A Montgomery County judge threw out yesterday a complex and long-running lawsuit filed against the prestigious Congressional Country Club by one of its members who contended that the club improperly withheld part of its employes' wages.
Circuit Court Judge John J. Mitchell said he agreed with the club's argument that the maverick member, George Koch, forfeited his right as a stockholder in the club to inspect its books when it became clear that Koch's only motive was to embarrass and harass the club.
Koch said he will appeal the ruling.
Central to the judge's decision was Koch's habit of contacting journalists to inform them of the progress of his case. Those press contacts, Mitchell said, raised "an inborn inquiry as to the interest and purpose of one who seeks to further his cause through widespread dissemination of his case to the media."
The judge said he would not hold Koch in contempt of court for talking to the press, as club attorney James Thompson had requested, but that he would agree that by holding frequent press conferences, Koch was playing out a "vendetta" against the club.
Questioning why Koch should make inflammatory charges in the press instead of the courtroom, Mitchell said: "Benjamin Franklin has been credited with the admonition that a reader of a newspaper should believe only the advertising. In this regard, reference should also be made to the unfortunate report, and subsequent repudiation thereof, of a story published in a metropolitan newspaper concerning an infant who was reported to be addicted to narcotics."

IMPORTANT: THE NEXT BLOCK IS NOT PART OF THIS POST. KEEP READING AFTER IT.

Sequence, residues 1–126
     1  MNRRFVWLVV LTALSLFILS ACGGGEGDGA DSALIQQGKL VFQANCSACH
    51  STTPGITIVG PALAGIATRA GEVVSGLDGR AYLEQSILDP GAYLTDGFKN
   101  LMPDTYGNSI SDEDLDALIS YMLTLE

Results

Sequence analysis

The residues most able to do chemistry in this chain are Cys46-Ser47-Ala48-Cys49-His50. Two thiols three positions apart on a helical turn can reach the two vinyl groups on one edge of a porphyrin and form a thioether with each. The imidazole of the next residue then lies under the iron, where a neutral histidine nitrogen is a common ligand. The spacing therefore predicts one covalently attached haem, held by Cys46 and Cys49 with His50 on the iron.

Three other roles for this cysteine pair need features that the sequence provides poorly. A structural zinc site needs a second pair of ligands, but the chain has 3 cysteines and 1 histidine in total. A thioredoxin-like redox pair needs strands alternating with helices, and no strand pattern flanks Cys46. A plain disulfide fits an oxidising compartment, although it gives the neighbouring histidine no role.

That was a reference to a story in The Washington Post last year about a supposed 8-year-old heroin addict named Jimmy. After the story won a Pulitzer Prize last spring, its author acknowledged that it was a fabrication, and the prize was returned.
Mitchell also said the club's books -- through which Koch contended he could demonstrate wrongdoing -- had already been inspected by the Maryland attorney general's office and Koch had access to a report of the conclusions drawn from the inspection.
That report found that Congressional indeed had withheld a fixed percentage of all of its employes' paychecks since 1948, but that the statute of limitations had expired and the state could not prosecute. A later internal memo from an assistant attorney general concluded that "there has been no evidence which has come forward, not even a scintilla thereof, which indicates that the club was skimming wages and kicking them back or funneling them to management or using them for any other nefarious purposes."
Some employes contended that they were improperly deprived of part of the 15 percent service charge assessed for food and drink at the club, but the club argued it had told its food service workers they would get only 80 percent of those charges so the rest could be distributed to the other employes.
Koch maintained during a four-year crusade against his club, which is on River Road in Potomac, that it had engaged in various improper activities in addition to the alleged wage skimming. Judge Mitchell noted that he had repeatedly charged that there was illegal gambling at the club and pointed out that the attorney general's report found that charge without merit. Mitchell also cited Koch's well-known but unsubstantiated charge that Congressional has more convicted felons as members than any other country club in the nation.
Koch yesterday accused the judge of making a "diatribe against the press" that misses the point of the case. He said in a statement that Mitchell has chosen to ignore . . . evidence of wage skimming in his ruling. His primary concern, it seems, is directed at attacking press coverage."
Thompson, the club's attorney, said, "I'm pleased that the case has been resolved. I hope this would now lay the matter to rest."